The Woman of Great Wisdom

By on August 2, 2014

By Carole Towriss –

Abigail accepted more rounds of freshly baked bread from her servant. She quickly counted—there were now close to 500. She moved through the busy courtyard directing her servants as they prepared enormous amounts of food. At one table raisin cakes were being prepared, at another cakes of figs. At yet another roasted mutton, its tangy herbed scent filling the air. The annual shearing would conclude today, and the feasting would last all night. She smiled as she glanced around. Everything would be ready soon.

A breathless servant ran in from the fields. He dropped to his knees before her until she touched his shoulder. “Benjamin, what is it?”

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He rose, his face ashen. “My lady Abigail, David sent messengers from the wilderness.”

Shudders ran though her. “David? The king’s son-in-law? What’s he doing here? Isn’t the king trying to kill him?”

“Yes, my lady. He’s built a small army and spends his time in the wilderness running from Saul. He sent his men to give master Nabal greetings, and also asked for whatever supplies Nabal could spare for him and his men. Instead of listening to him, Nabal insulted them.”

She gasped. Her husband was rude, crass and often callous, but rarely stupid. “He did?”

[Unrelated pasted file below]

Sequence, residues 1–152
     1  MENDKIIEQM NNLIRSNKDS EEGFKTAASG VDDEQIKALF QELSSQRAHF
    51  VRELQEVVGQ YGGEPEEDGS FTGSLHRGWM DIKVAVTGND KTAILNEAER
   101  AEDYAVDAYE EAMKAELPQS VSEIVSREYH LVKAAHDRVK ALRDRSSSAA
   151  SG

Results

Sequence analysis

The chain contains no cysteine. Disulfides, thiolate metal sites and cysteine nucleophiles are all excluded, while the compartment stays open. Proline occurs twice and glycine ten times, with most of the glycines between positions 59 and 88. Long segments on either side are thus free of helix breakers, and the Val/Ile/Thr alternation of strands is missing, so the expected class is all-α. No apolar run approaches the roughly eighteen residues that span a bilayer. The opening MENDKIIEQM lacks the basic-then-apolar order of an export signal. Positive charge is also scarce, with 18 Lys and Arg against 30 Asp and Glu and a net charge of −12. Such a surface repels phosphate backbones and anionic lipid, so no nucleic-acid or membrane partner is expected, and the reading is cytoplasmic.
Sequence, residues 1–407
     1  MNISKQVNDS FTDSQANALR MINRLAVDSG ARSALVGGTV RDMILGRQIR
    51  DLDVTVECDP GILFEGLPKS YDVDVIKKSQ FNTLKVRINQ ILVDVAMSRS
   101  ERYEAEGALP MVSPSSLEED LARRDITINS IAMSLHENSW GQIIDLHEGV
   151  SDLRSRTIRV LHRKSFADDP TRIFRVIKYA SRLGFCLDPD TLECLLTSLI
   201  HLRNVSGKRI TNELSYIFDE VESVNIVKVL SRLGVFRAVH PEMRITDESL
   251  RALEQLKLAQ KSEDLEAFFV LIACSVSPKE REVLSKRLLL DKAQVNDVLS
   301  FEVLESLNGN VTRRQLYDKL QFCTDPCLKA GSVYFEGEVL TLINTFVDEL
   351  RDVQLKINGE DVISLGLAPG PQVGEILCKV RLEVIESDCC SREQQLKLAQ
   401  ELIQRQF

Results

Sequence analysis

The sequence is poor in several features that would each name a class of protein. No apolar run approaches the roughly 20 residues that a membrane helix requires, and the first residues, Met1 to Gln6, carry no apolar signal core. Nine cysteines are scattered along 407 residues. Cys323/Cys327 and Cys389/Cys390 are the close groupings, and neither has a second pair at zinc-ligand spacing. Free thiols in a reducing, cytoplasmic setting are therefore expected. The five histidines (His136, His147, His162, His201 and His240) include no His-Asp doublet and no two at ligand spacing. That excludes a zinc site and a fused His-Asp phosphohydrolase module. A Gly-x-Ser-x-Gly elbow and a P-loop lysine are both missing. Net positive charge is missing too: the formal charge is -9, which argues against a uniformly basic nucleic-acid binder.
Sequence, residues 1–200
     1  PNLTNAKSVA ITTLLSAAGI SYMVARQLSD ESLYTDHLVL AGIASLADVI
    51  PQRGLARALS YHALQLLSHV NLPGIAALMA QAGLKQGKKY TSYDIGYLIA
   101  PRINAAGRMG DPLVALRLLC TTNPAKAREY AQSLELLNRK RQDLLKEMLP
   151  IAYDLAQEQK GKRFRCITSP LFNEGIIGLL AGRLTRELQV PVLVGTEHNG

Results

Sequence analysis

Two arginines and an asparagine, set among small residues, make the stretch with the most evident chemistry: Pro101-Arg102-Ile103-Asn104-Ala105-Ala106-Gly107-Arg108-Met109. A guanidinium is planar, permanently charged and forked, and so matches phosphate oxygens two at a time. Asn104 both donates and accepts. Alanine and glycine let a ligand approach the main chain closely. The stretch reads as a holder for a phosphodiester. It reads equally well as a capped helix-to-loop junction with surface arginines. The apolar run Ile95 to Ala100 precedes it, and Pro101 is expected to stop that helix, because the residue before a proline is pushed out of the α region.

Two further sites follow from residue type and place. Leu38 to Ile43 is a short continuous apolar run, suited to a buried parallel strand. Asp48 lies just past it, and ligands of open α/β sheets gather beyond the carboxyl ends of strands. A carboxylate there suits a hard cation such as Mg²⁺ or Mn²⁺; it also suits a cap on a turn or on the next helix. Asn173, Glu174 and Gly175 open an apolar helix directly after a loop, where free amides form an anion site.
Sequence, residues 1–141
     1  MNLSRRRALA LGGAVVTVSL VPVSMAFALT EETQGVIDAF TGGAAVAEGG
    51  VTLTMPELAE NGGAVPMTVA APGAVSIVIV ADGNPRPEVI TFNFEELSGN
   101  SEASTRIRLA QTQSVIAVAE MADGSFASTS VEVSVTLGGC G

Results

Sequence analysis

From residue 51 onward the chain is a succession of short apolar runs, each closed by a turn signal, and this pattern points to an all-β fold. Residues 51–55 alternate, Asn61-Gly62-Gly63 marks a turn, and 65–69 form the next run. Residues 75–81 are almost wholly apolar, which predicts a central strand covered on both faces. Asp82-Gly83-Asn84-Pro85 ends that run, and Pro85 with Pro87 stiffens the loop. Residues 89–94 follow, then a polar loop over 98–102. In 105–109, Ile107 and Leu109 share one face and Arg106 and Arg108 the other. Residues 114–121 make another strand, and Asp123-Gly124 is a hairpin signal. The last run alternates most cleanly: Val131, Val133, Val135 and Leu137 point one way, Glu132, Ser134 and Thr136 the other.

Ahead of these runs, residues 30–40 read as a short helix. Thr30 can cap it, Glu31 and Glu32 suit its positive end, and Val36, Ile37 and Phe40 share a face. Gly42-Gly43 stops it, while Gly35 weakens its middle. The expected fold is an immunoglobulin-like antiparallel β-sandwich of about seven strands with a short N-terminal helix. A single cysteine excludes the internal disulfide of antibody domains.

“Yes. David’s men have guarded us the whole of shearing season, protecting us from the marauding bandits. They were as a wall around us.”

Abigail shook her head. “Then why was Nabal so surly to them? Were they rude to you? Did they steal from you?”

“No! Never! They didn’t mistreat us and nothing was missing.” Benjamin lowered his voice and leaned nearer. “My lady, I beg you, see what you can do, because disaster is hanging over this whole household. David will be furious. We surely would have lost many lambs and probably men as well. Nabal knows this and so does David. There is no telling what he will do.”

“How many men does David have?”

“Five, six hundred.”

“Wait here.” Abigail quickly calculated in her head the amount of food necessary to feed 600 men. “Mariah, Elizabeth, come quickly. I want two hundred loaves of bread, two skins of wine, the meat of five sheep, five measures of roasted grain, a hundred raisin cakes and two hundred fig cakes. Quickly, please!”

She returned to Benjamin. “Get me ten donkeys and four servants.”

When Benjamin returned with the animals, they loaded the food and wine on four donkeys. Abigail gestured to the wilderness and spoke to one of the servants. “Go on ahead; I’ll follow behind.”

“Shall I tell your husband?”

She shook her head. “No, Benjamin, you’re coming with me.”

Benjamin’s eyes grew wide, but he mounted the last donkey.

Hours later, Abigail descended into a mountain ravine. She held on tight to the donkey’s mane as it picked its way down the rocks. When she looked up, there waited David and his men. She quickly got off her donkey and bowed down before him. “Forgive me, my lord, and let me speak to you. Please pay no attention to that wicked man Nabal. He is just like his name—his name means Fool, and folly goes with him.”